Project Dingle

Restoring an old cottage...

Category: garden (page 2 of 2)

Stairway to Heaven

So, behind our house there is a courtyard (currently a weed-yard, soon to be a beautiful flag-stoned eating area), and from that the ground slopes up steeply into the Dingle.

Then, the bank on the right-hand side slopes steeply up to the main garden and orchard.

Steps beneath a honeysuckle arch

Steep slope on the right

It’s slippery in the wet and quite tough for our parents (and for us, to be honest!) So, we decided to build some stone steps into the bank. We want them to look like they’ve been there forever, and they will do after a few weeks I think.

It was much simpler than we thought it would be in the end, and took us only just an afternoon in the hot sun. Powered by dandelion and burdock and chocolate cake. We started by working out how many steps we’d want to make it a fairly easy walk up the hill. We didn’t want the space between each stone to be too big, or the step up or down too large.

Then we laid the stones out where we wanted them, and started digging around them. We removed wedges of grass around the same size as each stone…

Joe digging a hole for the stone

Diggin’ an ‘ole

And dropped the big lumps of stone into the ‘oles…

A hole and a lump of stone

An ‘ole

We did go to a reclamation yard just up the road, which is filled with all manner of amazing treasure and we will be going back… but when we found the stone, here’s how the conversation went:

Joe: “How much for a pallet of sandstone?”

Man at yard: “£100 a square metre”

Joe: “You mean a cubic metre?”

Man at yard: “No”

Joe: “…”

So then we remembered all our garden walls and actual house are made out of stone, so we figured there must be some lying around in the garden. Happily, there was! Some in the courtyard (some of which is huge and will be turned into a BBQ) and some languishing under the Bridge of Death.

So we rescued it all and carried on building…

Joe building steps

Not a builder’s bum in sight

And this is the result. We’re pretty bloody chuffed with it, all things considered. And Noodle definitely approves, so that’s alright then.

Noodle cat sitting on the top step

Finis! And it has the Noodle Cat seal of approval

Next garden building project: the bank up to the Bridge of Death*. It’s very picturesque (covered in buttercups and all manner of English country flowers) but very steep. So we’re putting steps in there, too. Although we’ve run out of stone…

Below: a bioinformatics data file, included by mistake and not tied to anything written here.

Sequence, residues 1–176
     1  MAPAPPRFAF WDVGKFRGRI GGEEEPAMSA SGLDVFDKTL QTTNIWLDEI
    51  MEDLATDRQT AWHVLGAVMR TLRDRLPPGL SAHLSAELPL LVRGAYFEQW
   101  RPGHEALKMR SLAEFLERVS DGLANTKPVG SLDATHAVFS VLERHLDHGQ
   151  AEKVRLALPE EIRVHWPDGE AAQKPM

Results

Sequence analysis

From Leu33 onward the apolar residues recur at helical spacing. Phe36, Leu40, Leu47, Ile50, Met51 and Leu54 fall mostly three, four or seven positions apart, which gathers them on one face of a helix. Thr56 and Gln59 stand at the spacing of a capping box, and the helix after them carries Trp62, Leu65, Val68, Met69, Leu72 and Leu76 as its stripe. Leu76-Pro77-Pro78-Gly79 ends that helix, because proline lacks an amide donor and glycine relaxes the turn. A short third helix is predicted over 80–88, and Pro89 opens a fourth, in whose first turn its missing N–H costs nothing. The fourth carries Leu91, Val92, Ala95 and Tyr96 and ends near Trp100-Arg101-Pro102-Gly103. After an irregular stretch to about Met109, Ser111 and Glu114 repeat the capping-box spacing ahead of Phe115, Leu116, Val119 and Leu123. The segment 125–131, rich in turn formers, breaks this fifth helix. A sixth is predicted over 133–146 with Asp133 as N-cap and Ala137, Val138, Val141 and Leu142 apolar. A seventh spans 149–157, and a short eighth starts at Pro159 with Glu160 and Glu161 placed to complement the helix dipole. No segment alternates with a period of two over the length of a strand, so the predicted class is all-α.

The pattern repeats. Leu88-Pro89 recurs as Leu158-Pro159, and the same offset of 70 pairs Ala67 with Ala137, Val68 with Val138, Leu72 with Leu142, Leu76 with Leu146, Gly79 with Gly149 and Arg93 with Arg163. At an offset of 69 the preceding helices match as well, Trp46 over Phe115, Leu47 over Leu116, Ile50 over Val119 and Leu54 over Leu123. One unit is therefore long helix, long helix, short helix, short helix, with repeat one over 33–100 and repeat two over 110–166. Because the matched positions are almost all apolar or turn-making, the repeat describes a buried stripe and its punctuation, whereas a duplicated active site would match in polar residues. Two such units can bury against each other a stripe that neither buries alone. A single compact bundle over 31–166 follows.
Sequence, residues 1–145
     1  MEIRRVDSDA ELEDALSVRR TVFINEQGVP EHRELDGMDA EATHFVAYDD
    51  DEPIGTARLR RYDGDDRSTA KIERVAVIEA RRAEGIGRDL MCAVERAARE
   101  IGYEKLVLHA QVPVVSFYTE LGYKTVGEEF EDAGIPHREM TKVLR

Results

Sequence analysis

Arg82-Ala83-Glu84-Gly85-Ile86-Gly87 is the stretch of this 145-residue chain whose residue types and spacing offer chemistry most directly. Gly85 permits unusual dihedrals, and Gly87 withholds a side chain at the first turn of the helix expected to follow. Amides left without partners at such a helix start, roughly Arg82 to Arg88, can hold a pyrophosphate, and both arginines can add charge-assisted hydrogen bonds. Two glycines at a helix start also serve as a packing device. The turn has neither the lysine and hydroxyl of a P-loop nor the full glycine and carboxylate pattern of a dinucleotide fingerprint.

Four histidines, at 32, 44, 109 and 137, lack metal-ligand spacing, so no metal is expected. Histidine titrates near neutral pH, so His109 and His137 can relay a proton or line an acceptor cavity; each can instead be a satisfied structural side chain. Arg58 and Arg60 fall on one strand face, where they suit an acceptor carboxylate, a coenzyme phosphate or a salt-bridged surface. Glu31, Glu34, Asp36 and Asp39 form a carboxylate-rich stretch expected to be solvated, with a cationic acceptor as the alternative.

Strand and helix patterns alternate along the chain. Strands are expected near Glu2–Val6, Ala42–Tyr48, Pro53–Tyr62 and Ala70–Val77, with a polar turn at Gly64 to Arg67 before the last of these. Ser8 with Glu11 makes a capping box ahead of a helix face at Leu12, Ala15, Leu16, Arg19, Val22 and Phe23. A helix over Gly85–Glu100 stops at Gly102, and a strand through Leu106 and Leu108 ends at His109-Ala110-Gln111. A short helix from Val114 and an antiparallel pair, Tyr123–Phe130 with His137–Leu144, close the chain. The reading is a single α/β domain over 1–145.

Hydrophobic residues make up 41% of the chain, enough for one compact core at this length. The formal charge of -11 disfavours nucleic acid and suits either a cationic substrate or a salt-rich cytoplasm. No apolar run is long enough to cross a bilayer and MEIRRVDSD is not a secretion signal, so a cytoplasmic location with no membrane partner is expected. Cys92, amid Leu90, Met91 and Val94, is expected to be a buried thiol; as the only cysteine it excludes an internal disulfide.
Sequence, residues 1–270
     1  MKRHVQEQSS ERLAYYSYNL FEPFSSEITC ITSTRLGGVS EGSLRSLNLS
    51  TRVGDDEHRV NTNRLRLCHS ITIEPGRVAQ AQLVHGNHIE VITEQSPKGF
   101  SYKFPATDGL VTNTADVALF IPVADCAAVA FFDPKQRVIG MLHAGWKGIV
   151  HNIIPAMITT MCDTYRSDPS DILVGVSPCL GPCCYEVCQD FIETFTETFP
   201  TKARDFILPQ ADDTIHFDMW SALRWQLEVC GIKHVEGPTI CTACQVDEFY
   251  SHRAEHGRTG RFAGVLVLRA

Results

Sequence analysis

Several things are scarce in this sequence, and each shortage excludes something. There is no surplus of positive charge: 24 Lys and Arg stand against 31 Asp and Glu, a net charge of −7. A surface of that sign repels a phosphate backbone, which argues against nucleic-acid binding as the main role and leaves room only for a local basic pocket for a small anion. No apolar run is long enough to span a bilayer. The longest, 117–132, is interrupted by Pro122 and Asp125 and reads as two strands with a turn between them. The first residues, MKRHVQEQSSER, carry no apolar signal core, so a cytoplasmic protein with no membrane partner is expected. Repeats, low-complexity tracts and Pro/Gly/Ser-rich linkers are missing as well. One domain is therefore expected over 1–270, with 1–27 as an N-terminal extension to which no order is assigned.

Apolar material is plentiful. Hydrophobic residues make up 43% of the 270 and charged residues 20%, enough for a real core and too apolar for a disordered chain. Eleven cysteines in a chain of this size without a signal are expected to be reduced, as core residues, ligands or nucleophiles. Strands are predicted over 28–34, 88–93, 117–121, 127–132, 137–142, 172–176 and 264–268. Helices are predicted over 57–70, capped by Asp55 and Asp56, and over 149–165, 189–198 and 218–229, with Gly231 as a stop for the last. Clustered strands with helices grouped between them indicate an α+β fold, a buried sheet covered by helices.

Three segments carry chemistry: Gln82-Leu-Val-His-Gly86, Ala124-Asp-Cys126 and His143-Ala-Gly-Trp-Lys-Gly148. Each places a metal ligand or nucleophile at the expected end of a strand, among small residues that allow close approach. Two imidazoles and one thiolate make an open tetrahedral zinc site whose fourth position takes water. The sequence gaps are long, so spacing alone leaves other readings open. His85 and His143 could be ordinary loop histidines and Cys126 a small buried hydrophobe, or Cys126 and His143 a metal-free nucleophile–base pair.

*Now known as the Bridge of Significant Peril, because we’ve since repaired some of the slats.

What’s This?

In our garden, just before you get to the orchard, there’s a mahoosive patch of nettles. We started obliterating them last weekend, and found this:

What's this?

What isssit?

Buried under the many nettles was a large piece of corrugated metal. We’re hoping for some kind of a bunker filled with buried treasure, but we’re being realistic. We’ll settle for just an exciting bunker.

It’ll probably turn out to be Mr G’s method of killing weeds, but we’re keeping our hopes up.

Any thoughts?

Tales From The Septic Tank

We’ve never been responsible for a septic tank before. In case you’re not familiar with such a beast, it’s basically a big hole in the ground into which goes everything that goes through us. Plus the washing up water, laundry water, shower water, etc.

It’s a bit grim. Well, it’s not, because luckily our tank is healthy… but it is.

Normally, your waste will drain away into your septic tank, then the septic tank will do its thing (more on that shortly), then it drains away downhill into a soakaway.

But here at The Dingle, things are slightly different. Of course :)

The house itself is in a dip at the bottom of the rise of the garden, about 12 feet off the road. So there’s no downhill for our waste to soakaway to. It’s highly illegal (thankfully) to drain effluent into public water courses or drains. So what’s going on here?

Good question.